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Keywords:

  • digestable carbohydrates;
  • feeding behoviour;
  • foraging;
  • geometric framework;
  • nutrient regulation;
  • nutrition;
  • omnivore;
  • protein;
  • Tettigoniidae

1. Omnivores by definition eat both plants and animals. However, little is known about how diet macronutrient content affects omnivore performance, or the extent to which they can regulate macronutrient intake. We assessed these questions using the salt marsh katydid, Conocephalus spartinae Fox (Tettigoniidae).

2. In our first experiment we used artificial diets with different protein–carbohydrate ratios to assess the effects of diet quality on survival, growth, and lipid accumulation. We found that diets with a high protein–carbohydrate ratio negatively affected Conocephalus survival. Among surviving individuals growth was not significantly different across the treatments, but lipid content decreased significantly as the protein–carbohydrate ratio of diets increased.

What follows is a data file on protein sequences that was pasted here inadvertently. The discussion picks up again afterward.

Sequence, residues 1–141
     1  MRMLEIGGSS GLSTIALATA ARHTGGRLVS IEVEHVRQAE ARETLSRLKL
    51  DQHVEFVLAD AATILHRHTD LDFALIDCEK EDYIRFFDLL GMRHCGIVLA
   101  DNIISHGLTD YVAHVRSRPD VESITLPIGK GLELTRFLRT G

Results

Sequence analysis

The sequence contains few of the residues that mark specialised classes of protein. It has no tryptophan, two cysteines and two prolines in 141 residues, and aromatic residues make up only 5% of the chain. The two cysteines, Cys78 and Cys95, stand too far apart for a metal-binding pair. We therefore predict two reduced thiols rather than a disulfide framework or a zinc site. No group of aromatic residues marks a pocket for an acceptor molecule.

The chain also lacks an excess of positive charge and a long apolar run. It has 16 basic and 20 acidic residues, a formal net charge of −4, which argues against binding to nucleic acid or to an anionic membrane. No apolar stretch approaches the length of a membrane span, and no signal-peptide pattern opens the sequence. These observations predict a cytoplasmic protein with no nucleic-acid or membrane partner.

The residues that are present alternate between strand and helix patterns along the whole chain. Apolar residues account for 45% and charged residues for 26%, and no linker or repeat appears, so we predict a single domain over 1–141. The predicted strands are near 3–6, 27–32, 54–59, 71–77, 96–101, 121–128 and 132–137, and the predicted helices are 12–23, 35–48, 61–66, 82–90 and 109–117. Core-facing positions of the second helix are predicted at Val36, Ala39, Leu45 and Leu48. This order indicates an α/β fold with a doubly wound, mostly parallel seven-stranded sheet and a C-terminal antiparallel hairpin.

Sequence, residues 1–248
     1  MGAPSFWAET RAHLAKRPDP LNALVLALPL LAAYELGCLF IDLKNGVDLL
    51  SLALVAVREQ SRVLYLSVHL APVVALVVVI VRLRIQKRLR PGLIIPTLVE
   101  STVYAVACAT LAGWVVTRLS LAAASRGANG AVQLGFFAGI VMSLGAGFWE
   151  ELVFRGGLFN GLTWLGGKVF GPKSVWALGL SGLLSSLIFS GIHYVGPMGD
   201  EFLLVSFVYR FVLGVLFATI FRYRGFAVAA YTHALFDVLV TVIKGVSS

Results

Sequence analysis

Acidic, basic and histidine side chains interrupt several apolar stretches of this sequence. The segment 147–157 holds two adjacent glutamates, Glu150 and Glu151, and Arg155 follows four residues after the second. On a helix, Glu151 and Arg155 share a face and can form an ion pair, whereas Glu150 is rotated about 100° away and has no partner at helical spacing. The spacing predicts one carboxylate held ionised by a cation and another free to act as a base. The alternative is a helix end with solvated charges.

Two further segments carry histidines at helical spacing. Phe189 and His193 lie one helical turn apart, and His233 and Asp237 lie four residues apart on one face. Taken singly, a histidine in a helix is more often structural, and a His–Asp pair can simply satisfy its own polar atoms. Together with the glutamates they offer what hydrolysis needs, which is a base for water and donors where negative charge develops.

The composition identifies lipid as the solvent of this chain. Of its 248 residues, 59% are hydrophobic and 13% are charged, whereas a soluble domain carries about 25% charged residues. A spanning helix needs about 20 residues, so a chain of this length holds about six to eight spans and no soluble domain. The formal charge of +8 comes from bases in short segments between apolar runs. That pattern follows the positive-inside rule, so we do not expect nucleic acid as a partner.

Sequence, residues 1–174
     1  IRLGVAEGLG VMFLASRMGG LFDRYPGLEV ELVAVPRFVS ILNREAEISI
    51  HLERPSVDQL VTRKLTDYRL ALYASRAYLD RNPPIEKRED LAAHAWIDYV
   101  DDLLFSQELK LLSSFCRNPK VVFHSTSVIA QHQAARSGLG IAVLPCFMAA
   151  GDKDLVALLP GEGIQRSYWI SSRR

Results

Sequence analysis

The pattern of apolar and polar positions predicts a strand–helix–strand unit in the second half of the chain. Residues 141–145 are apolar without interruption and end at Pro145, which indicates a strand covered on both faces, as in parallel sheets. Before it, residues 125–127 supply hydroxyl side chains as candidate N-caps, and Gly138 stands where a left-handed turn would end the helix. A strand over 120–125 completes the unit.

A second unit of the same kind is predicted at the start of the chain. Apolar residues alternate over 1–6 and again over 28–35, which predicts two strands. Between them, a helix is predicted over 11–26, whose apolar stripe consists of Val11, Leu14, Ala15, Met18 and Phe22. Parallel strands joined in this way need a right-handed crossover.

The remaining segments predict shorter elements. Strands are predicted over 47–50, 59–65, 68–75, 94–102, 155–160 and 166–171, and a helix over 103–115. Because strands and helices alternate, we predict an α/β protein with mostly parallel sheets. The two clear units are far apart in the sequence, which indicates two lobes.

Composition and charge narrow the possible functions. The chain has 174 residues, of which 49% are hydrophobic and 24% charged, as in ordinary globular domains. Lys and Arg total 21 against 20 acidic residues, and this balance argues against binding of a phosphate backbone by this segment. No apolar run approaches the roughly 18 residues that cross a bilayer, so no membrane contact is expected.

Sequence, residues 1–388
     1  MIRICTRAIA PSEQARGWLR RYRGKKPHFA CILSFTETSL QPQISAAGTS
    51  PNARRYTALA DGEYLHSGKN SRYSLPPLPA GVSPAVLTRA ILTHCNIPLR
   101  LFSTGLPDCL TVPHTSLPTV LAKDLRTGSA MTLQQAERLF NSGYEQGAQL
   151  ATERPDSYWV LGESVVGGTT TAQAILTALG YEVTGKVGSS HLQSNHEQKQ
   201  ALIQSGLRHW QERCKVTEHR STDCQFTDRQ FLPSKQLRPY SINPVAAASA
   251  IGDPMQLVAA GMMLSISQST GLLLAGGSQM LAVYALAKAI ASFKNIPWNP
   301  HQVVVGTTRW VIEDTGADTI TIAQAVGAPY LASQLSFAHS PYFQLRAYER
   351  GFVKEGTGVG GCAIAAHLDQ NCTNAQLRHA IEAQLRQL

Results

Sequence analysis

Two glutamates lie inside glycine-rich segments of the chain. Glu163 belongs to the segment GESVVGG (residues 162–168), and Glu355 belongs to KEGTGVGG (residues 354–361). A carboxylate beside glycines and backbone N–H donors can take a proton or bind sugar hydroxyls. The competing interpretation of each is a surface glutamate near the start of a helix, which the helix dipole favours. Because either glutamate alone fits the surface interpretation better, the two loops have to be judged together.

3. In a second experiment we explored the ability of Conocephalus to regulate their protein–carbohydrate intake. Results revealed that Conocephalus did not feed randomly when presented with two nutritionally complementary foods. A detailed analysis of their protein–carbohydrate intake revealed selection for a protein-biased diet, but a lack of tight regulate of protein–carbohydrate intake.

4. We discuss how key macronutrients can limit omnivores, and how nutritional flexibility may enable omnivores to persist in nutritionally heterogeneous environments.